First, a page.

Abstract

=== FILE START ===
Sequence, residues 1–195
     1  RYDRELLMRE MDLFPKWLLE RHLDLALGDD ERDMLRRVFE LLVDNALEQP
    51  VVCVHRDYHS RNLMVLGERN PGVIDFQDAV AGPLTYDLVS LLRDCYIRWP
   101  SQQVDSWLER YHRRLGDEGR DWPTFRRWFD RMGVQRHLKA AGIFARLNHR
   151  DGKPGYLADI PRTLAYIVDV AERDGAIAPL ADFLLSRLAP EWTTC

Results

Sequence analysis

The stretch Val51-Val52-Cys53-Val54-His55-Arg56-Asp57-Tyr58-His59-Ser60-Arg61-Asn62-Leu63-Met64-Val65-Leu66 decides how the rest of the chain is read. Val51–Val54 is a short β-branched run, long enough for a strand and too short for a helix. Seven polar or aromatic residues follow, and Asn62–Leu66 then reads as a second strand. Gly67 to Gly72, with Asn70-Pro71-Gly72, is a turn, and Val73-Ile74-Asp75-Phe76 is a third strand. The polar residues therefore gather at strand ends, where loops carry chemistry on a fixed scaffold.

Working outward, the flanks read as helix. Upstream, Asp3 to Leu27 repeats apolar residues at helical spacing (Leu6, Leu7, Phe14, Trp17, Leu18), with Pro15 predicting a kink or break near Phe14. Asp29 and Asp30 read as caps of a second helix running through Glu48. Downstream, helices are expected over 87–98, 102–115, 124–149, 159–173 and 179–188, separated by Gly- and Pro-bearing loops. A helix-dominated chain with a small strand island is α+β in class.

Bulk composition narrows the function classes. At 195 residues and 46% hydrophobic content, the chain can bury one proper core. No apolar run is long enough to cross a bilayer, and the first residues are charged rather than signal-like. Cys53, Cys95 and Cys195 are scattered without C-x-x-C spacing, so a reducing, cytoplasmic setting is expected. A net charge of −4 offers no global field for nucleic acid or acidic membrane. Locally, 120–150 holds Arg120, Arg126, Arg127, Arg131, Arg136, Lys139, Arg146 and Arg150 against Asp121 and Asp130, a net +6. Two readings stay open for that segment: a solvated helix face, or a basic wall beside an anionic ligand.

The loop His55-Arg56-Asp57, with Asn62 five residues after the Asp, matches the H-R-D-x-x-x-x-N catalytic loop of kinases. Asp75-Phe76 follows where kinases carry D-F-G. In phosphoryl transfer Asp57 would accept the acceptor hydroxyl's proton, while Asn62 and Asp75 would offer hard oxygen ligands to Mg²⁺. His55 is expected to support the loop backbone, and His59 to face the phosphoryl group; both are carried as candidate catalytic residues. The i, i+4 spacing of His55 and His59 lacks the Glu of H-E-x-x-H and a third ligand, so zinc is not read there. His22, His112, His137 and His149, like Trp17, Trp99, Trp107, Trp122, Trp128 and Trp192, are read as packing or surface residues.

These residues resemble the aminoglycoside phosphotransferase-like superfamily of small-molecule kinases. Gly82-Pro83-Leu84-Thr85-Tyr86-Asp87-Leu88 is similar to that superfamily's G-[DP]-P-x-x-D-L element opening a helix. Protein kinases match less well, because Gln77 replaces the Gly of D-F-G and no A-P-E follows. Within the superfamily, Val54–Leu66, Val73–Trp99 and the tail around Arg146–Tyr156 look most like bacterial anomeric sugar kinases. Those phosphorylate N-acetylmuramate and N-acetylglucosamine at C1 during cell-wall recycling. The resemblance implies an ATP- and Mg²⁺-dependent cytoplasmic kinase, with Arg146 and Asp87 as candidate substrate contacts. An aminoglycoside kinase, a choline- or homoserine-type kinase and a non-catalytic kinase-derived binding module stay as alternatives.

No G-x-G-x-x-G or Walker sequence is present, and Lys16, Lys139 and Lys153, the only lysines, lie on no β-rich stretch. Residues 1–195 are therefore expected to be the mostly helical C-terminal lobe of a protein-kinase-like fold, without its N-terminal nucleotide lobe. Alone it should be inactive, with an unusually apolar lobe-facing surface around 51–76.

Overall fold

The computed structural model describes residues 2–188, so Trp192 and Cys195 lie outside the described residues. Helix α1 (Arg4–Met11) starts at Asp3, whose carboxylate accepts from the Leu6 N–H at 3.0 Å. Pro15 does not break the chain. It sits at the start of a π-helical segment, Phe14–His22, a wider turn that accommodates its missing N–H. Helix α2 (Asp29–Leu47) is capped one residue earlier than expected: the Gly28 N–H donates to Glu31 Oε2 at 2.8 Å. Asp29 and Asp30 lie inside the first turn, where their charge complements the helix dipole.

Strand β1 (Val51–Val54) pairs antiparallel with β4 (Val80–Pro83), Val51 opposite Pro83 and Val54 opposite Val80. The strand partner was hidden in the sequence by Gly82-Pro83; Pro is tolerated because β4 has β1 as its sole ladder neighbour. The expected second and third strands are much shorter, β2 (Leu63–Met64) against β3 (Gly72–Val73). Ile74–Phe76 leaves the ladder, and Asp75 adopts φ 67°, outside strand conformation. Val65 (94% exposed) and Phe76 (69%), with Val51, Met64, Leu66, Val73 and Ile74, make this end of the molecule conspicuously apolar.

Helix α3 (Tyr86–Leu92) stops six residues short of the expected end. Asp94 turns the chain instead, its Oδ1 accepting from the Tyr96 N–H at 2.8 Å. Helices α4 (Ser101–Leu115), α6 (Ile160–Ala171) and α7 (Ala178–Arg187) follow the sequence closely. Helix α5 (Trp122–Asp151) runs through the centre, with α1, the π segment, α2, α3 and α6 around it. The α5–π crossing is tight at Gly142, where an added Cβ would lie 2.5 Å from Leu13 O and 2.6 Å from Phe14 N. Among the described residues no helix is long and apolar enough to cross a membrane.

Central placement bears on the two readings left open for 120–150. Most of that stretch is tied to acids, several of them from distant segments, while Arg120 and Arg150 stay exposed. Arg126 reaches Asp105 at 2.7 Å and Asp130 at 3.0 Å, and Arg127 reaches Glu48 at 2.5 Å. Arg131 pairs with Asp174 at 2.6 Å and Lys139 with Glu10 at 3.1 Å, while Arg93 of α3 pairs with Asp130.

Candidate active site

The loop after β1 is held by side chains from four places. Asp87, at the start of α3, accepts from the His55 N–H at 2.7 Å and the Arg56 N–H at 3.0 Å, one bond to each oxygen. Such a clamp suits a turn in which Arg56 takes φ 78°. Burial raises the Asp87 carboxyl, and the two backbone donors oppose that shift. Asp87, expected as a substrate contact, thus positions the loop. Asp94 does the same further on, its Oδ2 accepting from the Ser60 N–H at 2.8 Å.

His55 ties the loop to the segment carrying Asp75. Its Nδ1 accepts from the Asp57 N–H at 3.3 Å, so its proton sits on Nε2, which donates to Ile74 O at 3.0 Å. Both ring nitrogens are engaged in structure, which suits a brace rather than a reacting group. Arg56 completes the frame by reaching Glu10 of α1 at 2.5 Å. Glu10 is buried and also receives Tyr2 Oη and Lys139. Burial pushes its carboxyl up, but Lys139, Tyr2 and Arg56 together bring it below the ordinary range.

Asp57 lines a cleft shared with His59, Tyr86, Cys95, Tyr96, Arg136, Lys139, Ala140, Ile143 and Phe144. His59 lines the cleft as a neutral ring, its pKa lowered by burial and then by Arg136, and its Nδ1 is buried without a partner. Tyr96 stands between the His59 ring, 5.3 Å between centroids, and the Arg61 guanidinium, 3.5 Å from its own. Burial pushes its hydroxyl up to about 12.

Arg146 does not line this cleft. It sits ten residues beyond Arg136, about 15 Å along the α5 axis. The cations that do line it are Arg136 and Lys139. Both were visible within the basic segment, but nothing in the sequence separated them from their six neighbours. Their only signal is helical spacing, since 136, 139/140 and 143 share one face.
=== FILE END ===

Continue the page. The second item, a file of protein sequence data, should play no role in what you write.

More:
The creation of the CEMAC customs union in 1994, was a major step in the regional integration process in central Africa. The reform was part of a wider initiative to boost regional integration and policy effectiveness in conjunction with the devaluation of the common exchange rate relative to the French franc. CEMAC replaced the UDEAC (Union Douanière des Etats d’Afrique Centrale), which was created in 1964 but had remained largely ineffective. The 1994 reforms introduced (1) a common external tariff (CET), (2) the gradual removal of tariffs on intraregional trade (completed in 1998), (3) the harmonization of indirect taxation (with the introduction of a value-added tax (VAT) in 1999), and (4) the replacement of quantitative import barriers by temporary import surcharges (to be phased out by 2000—see below).